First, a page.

Indecent treatment, bestiality, rape: our sickening backlog

CHILD sex offences are dominating Fraser Coast District Court lists in a worrying trend.

Accused predators make up a third of the Maryborough circuit backlog, which includes those awaiting sentencing and trial.

Among them is a high-profile Maryborough businessesman charged with indecent treatment, bestiality and rape.

Another man faces more than 50 charges of indecent treatment. The majority of thise offences are alleged to have been committed against a child with an impairment.

Another is charged with using the internet to procure a child and then going to meet them.

The Hervey Bay backlog also includes a significant amount child offences, but the percentage is lower than Maryborough with the list instead dominated by acts of violence.

But unlike violent offenders who can often walk out of court on parole or suspended sentences, people guilty of crimes against children are nearly always jailed.

This includes first time offenders.

Maryborough-based defence lawyer Travis George said the almost inevitable imprisonment encouraged people to fight charges.

"You can plead guilty to an assault and be released on parole immediately, but that's not open in most child sex matters," Mr George said.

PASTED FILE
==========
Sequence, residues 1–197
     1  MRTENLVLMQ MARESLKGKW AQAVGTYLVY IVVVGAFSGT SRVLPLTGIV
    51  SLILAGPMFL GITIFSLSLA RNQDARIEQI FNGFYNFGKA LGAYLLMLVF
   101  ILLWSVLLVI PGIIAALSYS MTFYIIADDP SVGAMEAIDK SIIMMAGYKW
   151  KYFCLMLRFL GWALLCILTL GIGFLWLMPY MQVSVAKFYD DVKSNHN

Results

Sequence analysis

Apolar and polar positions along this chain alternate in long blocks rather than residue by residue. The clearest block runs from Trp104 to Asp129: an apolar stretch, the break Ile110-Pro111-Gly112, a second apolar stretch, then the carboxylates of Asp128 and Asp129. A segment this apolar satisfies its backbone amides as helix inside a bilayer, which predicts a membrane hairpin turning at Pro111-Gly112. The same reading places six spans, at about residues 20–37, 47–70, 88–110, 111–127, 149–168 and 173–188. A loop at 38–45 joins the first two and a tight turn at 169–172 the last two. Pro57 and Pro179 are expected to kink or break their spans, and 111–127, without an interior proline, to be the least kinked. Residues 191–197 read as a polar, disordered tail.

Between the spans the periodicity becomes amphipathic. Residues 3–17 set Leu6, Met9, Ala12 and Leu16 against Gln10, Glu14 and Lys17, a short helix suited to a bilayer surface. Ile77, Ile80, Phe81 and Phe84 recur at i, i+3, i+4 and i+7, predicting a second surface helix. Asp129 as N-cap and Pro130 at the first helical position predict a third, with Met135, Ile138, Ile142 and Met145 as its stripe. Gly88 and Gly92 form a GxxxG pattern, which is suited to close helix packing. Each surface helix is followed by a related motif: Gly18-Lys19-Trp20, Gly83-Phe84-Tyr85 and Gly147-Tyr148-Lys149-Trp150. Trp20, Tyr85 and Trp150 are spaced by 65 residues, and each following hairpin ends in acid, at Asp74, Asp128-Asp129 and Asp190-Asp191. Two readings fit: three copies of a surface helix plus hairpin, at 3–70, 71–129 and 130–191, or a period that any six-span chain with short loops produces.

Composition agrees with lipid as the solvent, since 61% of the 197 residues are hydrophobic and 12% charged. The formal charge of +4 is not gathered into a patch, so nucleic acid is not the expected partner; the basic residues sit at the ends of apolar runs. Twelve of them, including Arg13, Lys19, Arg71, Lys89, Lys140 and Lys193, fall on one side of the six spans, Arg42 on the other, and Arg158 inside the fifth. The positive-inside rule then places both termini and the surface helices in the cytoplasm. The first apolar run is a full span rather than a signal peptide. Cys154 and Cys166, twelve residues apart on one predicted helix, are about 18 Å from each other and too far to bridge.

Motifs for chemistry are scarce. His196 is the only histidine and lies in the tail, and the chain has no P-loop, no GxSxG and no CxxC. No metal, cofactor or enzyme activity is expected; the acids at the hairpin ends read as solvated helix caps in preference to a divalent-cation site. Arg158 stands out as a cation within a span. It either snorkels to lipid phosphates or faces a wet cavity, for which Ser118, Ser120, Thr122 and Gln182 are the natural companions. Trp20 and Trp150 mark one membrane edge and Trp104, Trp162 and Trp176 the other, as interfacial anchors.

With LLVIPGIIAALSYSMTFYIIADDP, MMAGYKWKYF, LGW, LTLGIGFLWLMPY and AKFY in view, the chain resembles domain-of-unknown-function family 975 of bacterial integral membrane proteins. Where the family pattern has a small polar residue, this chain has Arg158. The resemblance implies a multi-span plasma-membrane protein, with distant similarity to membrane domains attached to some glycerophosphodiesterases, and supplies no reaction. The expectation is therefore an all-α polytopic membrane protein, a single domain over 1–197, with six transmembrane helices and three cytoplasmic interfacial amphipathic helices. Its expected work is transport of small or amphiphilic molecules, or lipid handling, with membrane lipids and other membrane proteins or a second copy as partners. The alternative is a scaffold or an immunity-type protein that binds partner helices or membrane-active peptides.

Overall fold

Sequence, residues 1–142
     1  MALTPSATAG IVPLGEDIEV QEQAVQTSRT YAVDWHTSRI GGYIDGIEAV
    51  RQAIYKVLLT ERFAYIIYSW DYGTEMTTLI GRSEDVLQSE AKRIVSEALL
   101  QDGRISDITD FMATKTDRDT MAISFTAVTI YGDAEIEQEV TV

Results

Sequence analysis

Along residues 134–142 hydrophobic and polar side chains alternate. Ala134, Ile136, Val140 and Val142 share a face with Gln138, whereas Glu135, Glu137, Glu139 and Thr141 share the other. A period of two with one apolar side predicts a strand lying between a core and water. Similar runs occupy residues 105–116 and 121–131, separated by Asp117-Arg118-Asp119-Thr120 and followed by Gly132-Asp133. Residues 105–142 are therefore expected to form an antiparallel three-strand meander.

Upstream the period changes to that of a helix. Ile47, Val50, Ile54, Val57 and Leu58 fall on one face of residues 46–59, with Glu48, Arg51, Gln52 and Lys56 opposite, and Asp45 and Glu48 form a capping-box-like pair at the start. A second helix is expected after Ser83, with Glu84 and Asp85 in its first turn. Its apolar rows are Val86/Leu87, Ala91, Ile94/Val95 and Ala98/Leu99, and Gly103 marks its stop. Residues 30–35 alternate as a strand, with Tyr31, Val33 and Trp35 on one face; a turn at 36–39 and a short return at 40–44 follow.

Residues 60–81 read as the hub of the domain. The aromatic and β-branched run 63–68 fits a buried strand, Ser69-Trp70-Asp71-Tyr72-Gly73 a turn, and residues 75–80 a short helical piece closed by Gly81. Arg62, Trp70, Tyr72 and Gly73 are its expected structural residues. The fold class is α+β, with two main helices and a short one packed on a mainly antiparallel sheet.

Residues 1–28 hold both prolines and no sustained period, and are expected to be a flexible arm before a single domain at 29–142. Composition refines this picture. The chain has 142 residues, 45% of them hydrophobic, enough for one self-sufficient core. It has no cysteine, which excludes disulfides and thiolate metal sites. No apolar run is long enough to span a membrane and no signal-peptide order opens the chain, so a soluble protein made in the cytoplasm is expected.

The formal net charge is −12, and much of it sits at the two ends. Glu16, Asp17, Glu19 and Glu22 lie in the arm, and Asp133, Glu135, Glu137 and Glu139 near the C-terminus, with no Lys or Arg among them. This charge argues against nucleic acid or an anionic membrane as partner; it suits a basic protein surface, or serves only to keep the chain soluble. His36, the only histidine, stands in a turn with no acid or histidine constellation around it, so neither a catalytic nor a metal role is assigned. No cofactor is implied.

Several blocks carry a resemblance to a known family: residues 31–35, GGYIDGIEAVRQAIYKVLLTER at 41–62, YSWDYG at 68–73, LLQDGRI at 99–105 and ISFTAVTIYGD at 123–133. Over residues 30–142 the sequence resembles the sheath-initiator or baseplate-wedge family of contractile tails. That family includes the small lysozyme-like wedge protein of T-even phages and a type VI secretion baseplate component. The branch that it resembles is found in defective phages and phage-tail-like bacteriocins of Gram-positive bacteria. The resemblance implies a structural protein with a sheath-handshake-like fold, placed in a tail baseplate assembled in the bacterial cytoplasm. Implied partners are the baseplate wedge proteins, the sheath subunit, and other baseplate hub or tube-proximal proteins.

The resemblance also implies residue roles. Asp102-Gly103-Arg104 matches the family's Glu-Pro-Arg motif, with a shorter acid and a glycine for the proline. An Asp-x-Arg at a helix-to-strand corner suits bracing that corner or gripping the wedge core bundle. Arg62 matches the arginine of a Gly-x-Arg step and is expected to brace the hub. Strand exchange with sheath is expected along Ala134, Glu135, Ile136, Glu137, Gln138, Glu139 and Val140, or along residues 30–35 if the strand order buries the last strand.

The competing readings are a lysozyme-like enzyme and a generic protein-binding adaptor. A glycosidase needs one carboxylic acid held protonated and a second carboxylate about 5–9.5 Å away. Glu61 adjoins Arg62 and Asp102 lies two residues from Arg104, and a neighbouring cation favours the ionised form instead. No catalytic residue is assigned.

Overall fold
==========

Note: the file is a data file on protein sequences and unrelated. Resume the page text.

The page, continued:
"The majority of child sex offences must be dealt with in the District Court, so there's no opportunity to resolve them quickly."

Late last year a Fraser Coast retiree was sent to jail for raping his granddaughter after a trial.

A man with no criminal history, Gregory Robert Halliday, was found guilty by a jury of touching a girl he barely knew and sent straight to prison.

Hervey Bay Detective David Guild said police were actively encouraging sexual abuse victims to speak up.

"Sexual abuse is a difficult subject for anybody but the more we promote it the better the chance victims and witnesses come forward," Sgt Det Guild said.

"I would expect that many child exploitation material and child sex offences are well defended and would make up a lot of the trials across the state."

Mr George said the public encouragement of sexual abuse victims to come forward has also encouraged fabrication.

"It's an easy matter to make a false allegation on and have the police act upon it," he said.

"Because these offences often occur behind closed doors, you often don't have forensic evident to exonerate someone."

In Maryborough District Court's first run of the year in January, a jury cleared a Fraser Coast man of rape charges against his step-daughter.

A Hervey Bay teenager was jailed last month for raping a four-year-old girl when he was 17.

Another teen, currently 18, is charged with possession of and producing child exploitation material.

A 58-year-old man was last year imprisoned for historic crimes on his stepdaughter.

Fraser Coast Law Society president Rebecca Pezzutti said the high number of local cases could be a reflection of a "larger catchment area" incorporating nearby towns.

"I think what you are seeing in relation to the large number of child sex offences being prosecuted in Hervey Bay and Maryborough, is part of a wider community awareness and response to child sexual abuse," Ms Pezzutti said.

"Greater police resourcing and victim support enables these offences to be prosecuted."